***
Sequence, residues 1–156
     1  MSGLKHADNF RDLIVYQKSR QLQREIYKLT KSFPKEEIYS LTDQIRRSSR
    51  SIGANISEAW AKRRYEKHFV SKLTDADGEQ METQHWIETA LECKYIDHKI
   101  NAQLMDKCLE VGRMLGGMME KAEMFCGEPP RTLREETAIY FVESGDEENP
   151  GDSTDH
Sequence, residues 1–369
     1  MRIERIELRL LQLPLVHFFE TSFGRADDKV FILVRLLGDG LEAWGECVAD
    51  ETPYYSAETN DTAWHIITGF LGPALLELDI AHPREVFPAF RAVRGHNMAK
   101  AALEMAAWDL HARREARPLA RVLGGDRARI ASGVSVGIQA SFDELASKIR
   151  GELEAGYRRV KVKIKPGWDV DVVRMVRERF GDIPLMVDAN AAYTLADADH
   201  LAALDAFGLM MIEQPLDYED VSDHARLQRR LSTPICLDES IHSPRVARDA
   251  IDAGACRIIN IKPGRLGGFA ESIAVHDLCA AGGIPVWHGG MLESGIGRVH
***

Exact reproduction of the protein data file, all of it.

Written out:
Sequence, residues 1–156
     1  MSGLKHADNF RDLIVYQKSR QLQREIYKLT KSFPKEEIYS LTDQIRRSSR
    51  SIGANISEAW AKRRYEKHFV SKLTDADGEQ METQHWIETA LECKYIDHKI
   101  NAQLMDKCLE VGRMLGGMME KAEMFCGEPP RTLREETAIY FVESGDEENP
   151  GDSTDH
Sequence, residues 1–369
     1  MRIERIELRL LQLPLVHFFE TSFGRADDKV FILVRLLGDG LEAWGECVAD
    51  ETPYYSAETN DTAWHIITGF LGPALLELDI AHPREVFPAF RAVRGHNMAK
   101  AALEMAAWDL HARREARPLA RVLGGDRARI ASGVSVGIQA SFDELASKIR
   151  GELEAGYRRV KVKIKPGWDV DVVRMVRERF GDIPLMVDAN AAYTLADADH
   201  LAALDAFGLM MIEQPLDYED VSDHARLQRR LSTPICLDES IHSPRVARDA
   251  IDAGACRIIN IKPGRLGGFA ESIAVHDLCA AGGIPVWHGG MLESGIGRVH